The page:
Saturday, July 4, 2009

Beazer Homes Agrees to Pay $53M to Settle Mortgage Fraud Charges

WASHINGTON, DC – In the most blatant case of mortgage fraud disclosed to date, Atlanta-based Beazer Homes USA Inc. has agreed to pay a total $53 million to settle a U.S. Dept. of Justice lawsuit.

The suit could have triggered criminal prosecution against the 41-year-old homebuilder and possibly put it out of business, sources in a position to know tell Real Estate Channel.

The Justice Dept. says Beazer will pay $5 million to the federal government and up to $48 million to victimized homeowners.

"We deeply regret these matters and have used what we have learned to strengthen our control and compliance culture," says Beazer Chief Executive Ian J. McCarthy (top right photo).

The company, which calls itself the 10th largest homebuilder in the U.S., closed its mortgage unit in February 2008. The federal fraud investigation has been going on since 2007.
The company, founded in London in 1968, operates in 16 states.

Beazer Homes has been listed on the New York Stock Exchange since 1994 under the ticker symbol BZH.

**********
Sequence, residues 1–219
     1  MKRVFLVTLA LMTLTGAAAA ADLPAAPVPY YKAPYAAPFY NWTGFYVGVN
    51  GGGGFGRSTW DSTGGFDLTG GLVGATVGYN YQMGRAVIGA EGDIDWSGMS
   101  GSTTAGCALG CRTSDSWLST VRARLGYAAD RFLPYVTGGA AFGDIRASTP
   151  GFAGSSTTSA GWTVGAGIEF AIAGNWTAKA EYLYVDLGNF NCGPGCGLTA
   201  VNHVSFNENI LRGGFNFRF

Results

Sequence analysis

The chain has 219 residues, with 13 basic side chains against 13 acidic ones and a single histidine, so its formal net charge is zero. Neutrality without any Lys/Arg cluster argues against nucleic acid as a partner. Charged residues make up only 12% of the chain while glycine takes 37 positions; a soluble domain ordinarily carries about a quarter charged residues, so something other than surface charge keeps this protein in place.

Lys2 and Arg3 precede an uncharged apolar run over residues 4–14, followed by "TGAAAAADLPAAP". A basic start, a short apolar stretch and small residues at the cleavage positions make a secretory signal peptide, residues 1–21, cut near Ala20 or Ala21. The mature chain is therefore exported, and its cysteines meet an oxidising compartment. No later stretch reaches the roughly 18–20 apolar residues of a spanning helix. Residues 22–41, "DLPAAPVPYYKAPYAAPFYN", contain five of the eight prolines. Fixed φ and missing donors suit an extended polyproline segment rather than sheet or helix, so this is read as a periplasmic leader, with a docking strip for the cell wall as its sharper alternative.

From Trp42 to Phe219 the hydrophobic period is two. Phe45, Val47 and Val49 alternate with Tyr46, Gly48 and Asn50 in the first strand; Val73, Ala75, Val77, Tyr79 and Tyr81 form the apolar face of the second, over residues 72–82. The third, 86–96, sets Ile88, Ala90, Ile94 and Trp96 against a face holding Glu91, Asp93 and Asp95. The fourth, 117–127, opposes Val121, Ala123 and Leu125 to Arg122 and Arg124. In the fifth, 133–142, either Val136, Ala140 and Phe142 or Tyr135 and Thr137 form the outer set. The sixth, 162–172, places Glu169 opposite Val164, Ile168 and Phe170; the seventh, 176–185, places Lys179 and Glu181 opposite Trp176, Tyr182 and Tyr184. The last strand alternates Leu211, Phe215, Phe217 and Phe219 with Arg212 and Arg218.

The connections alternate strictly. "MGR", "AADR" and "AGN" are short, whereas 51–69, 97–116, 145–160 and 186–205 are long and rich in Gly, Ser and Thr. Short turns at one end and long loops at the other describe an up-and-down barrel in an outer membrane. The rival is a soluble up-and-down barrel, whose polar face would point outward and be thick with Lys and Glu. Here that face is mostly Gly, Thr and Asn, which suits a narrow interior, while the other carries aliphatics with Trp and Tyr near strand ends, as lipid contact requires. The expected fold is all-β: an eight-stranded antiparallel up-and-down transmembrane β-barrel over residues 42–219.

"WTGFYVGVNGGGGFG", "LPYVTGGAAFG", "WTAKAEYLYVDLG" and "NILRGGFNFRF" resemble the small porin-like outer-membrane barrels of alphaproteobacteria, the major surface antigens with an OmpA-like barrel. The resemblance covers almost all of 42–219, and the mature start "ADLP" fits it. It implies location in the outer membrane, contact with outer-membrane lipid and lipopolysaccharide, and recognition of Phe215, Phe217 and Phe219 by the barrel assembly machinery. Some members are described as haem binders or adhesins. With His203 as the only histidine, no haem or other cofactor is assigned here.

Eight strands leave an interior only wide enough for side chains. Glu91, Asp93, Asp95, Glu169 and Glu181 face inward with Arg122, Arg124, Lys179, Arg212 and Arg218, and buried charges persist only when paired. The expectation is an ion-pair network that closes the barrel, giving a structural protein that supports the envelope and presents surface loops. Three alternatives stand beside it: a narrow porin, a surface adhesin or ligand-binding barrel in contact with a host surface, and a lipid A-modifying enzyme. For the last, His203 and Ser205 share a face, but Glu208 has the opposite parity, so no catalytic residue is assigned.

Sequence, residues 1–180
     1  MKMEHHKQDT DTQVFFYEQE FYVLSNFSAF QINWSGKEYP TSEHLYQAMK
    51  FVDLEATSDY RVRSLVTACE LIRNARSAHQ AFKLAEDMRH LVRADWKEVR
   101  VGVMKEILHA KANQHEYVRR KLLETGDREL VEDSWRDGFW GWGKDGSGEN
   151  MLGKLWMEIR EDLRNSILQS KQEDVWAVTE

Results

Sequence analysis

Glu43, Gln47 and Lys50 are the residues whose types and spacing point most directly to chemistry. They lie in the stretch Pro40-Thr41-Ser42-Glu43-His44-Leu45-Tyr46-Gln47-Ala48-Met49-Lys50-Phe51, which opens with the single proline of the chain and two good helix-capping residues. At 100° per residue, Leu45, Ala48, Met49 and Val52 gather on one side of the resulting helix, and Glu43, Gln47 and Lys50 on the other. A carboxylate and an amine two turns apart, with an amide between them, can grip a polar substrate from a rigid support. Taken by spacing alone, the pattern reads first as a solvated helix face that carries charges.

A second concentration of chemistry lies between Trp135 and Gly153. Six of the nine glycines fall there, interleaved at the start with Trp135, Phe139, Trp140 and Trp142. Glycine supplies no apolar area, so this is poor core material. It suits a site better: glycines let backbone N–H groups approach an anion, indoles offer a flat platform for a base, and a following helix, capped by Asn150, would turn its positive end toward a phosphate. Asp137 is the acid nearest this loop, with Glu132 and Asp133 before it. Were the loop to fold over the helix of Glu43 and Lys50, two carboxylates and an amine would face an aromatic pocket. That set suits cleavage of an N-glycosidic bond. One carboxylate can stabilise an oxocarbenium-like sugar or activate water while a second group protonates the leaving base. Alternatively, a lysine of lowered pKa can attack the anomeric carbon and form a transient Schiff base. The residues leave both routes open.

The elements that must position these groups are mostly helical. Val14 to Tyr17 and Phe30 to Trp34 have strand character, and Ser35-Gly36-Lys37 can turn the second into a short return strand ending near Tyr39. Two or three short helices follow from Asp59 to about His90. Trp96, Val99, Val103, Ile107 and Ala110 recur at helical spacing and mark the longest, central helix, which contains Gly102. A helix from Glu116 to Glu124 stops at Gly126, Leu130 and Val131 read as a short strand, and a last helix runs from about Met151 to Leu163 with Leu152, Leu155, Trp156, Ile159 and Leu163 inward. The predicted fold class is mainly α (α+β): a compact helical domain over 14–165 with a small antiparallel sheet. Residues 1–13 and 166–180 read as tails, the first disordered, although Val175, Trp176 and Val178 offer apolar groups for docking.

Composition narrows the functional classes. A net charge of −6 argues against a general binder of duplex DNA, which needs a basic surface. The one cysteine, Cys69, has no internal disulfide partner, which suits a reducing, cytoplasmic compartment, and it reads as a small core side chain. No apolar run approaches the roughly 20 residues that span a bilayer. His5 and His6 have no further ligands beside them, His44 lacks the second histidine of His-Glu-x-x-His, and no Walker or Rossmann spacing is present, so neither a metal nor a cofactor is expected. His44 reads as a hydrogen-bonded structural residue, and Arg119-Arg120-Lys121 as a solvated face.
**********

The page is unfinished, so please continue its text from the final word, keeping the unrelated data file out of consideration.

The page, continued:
The settlement is tied to an agreement with federal prosecutors in North Carolina that will allow the company to avoid criminal prosecution on the mortgage-fraud charges, and on other accounting-fraud charges related to the manipulation of company earnings.
In a separate action, the Securities and Exchange Commission has filed civil charges against Michael T. Rand, Beazer's former chief accounting officer. Rand is accused of conducting a fraudulent earnings scheme and hiding his wrongdoing from outside auditors and other company accountants.

The New York Times and The Washington Post report separately that In the mortgage fraud case, prosecutors said Beazer ignored income requirements in making loans to unqualified buyers, and sought to hide from the Federal Housing Administration that some company branches had excessive default rates on their loans.

Prosecutors in North Carolina also said Beazer charged home buyers interest "discount points" at closing but kept the money and didn't reduce interest rates on the loans, the newspapers report.

The homebuilder provided buyers with cash gifts so they could come up with minimum down payments, only to add the gift price onto the purchase price of the house, according to the Justice Dept.

When home sales slowed in 2006, Beazer tapped into a reserve for land development and house construction and improperly boosted its slumping earnings, the agency says.

In the end, the SEC said, Beazer understated the company's income in SEC filings by $63 million between fiscal years 2000 through 2005.

In addition, the company overstated its income and understated losses by a total of $47 million in fiscal year 2006 and the first two quarters of fiscal year 2007.

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